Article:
New forensic evidence has resulted in Yahoo revising the number of accounts compromised in a 2013 cyberattack. According to the company the attackers managed to steal login information from all three billion Yahoo mail accounts registered to the service at the time.
The company, which is now owned by a Verizon parent company known as Oath, had originally believed that one billion user accounts were stolen in the cyberattack four years ago. We now know that the real damage is much worse than the initial estimate, as everyone on the service has had their users names, e-mail addresses, phone numbers, dates of birth, passwords stored using the MD5 cryptographic hashing algorithm, and security questions and answers.
Yahoo says that no passwords were stored in plain text format. However, the MD5 hashing used to protect the passwords is considered to be extremely weak and could be easily decrypted by brute force methods. In other words, it may not be plain text but that’s not going to stop anyone from reading the passwords.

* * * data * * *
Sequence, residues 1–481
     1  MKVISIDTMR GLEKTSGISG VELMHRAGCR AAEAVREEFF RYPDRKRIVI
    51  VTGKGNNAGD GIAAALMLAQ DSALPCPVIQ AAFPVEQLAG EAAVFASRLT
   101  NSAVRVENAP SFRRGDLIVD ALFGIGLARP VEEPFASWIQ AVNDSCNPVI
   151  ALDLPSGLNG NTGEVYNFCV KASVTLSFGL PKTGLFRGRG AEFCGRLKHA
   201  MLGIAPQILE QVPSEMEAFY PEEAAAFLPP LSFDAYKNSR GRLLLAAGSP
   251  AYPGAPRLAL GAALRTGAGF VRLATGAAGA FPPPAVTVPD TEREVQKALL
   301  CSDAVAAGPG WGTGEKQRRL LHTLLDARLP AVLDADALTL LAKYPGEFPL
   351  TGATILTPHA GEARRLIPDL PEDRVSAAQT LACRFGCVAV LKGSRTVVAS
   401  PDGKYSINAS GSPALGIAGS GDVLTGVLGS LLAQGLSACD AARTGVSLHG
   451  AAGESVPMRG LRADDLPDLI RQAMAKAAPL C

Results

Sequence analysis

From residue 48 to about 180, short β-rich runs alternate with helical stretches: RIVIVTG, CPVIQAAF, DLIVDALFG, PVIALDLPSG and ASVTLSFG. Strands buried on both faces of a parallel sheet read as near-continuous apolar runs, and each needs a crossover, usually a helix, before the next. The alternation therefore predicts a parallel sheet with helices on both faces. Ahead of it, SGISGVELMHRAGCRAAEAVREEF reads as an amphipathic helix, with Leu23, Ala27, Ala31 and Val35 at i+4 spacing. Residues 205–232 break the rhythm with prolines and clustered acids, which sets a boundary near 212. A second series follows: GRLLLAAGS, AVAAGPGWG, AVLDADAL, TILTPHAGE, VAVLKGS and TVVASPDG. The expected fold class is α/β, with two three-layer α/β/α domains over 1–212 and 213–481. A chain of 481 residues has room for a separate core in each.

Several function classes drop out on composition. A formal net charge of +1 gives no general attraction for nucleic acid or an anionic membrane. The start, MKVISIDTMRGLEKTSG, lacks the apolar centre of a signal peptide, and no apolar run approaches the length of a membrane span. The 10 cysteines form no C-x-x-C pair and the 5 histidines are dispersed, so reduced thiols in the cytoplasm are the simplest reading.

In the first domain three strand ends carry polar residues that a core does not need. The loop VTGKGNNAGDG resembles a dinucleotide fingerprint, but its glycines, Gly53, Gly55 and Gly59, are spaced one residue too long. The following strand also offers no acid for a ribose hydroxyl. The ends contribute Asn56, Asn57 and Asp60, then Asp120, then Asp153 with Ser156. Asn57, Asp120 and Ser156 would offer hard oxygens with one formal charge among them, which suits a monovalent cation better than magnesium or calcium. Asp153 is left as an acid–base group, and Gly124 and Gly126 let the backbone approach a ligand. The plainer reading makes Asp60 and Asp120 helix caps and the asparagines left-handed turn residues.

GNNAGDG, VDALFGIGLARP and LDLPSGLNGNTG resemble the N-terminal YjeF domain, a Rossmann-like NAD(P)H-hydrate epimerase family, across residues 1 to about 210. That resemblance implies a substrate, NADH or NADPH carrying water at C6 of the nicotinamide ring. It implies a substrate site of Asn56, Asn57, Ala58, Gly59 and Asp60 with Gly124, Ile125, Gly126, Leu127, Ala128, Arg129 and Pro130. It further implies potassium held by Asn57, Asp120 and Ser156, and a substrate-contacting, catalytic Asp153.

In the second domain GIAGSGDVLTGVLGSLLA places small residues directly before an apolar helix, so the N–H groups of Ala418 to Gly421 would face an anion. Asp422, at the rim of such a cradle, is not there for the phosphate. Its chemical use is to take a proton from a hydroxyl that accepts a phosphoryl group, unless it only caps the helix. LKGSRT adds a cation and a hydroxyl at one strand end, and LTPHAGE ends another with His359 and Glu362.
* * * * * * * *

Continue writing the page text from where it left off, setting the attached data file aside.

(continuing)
This 2013 attack is separate from another attempt made in 2014. The later cyberattack had apparently only succeeded in stealing passwords from 500 million accounts. Which is comparatively mild compared to the damage already done.
The one billion compromised accounts had already put this particular attack as one of the worst ever suffered by any company. Increasing the number to three-fold only makes things worse for Yahoo. Although, it probably has less to worry about now that it has been bought over by Oath.
It may be a bit too late for people to change their passwords at this point, but there’s a lesson about reusing passwords to be learnt here. Of course, two-stage authentication help minimise the damage done by data breaches and really should be enable where available.